ordered spent to "pay off" Florida Circuit Judge James Durden, who was presiding over
a Scientology-related case.
The church reached out-of-court settlements for undisclosed amounts with at least
fourteen former members, and settled a suit brought by Gabe and Maggie Cazares.
A project is launched to discredit California lawyer Charles O'Reilly, who
represented Lawrence Wollersheim in his winning case against the church;
according to former Church lawyer Joseph Yanny, plans were made to steal
O'Reilly's confidential files from the Betty Ford Center and other
substance-abuse treatement centers. Yanny said the Scientologists figured
that such records could be used to blackmail O'Reilly.
In an article in the business section of the St. Petersburg Times
1 July 1987, a Largo shredder dealer talks about his business.
"I've sold the Church of Scientology several shredders," said Becklund.
"They shred everything. As a matter of fact, when the city of Clearwater
was investigating them they bought shredders from us. They'd bring in 15,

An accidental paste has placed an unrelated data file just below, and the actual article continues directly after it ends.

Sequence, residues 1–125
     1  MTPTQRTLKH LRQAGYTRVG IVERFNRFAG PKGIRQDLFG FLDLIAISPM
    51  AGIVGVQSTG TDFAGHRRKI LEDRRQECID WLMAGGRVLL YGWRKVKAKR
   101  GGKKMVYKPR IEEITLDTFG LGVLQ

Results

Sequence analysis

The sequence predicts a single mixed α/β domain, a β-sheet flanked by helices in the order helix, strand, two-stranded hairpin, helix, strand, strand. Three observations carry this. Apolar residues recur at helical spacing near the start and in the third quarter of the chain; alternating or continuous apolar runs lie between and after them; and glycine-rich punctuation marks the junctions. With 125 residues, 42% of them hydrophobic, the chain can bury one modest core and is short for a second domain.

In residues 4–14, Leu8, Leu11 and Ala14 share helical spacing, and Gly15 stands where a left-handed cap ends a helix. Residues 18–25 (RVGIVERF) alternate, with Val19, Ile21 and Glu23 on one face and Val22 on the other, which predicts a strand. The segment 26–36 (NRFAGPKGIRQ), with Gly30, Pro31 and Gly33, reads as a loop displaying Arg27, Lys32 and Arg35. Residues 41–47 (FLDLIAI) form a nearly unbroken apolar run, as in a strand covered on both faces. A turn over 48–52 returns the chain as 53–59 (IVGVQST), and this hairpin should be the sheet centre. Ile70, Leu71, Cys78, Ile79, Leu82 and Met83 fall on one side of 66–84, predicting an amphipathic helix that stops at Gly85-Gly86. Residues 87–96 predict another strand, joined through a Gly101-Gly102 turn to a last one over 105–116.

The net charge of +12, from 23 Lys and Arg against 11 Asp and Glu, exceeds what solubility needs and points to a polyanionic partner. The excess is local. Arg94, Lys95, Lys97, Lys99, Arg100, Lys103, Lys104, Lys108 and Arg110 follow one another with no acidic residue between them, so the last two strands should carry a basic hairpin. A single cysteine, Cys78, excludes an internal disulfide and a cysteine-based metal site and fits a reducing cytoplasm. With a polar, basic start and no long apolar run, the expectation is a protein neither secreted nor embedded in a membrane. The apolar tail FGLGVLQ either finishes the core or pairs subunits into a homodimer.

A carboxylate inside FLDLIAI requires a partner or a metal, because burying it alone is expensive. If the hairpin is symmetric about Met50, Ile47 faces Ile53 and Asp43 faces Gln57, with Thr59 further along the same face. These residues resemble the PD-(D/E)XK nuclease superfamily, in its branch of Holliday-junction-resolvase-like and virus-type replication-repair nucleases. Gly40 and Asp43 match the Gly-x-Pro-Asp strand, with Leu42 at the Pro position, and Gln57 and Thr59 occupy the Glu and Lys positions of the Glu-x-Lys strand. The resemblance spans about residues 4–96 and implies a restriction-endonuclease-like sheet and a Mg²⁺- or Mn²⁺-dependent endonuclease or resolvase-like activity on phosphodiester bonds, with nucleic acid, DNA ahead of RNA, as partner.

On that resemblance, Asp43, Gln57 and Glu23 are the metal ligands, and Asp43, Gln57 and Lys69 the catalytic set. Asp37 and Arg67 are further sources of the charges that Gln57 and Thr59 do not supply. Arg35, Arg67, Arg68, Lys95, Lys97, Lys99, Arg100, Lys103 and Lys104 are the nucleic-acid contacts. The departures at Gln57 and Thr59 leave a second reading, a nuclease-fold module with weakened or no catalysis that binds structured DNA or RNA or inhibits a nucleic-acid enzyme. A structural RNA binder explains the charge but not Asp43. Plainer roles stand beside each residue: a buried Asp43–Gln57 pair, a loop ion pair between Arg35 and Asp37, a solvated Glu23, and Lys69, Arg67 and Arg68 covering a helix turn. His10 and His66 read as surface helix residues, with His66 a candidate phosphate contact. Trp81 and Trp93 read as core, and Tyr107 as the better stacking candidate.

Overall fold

20 4-drawer legal files and they'd shred them. Oh, yeah. Lots of maintenance."
reports that every year since 1982, Scientology has
sought a tax exemption and Pinellas County property appraiser Ron Schultz
has denied it. "The Church of Scientology ... was the first instance in
my office where I found an institution calling itself a church that the
courts agreed was not a not-for-profit institution," Schultz said.
A representative of CoS hand-delivers a letter to the St. Pete Times
that threatens to sue the newspaper if it writes a story about the book
L. Ron Hubbard: Messiah or Madman?
by Bent Corydon. The letter accuses
the paper of intending to "attack and denigrate the Church through any
vehicle you find available." The letter, signed by Scientology lawyer Timothy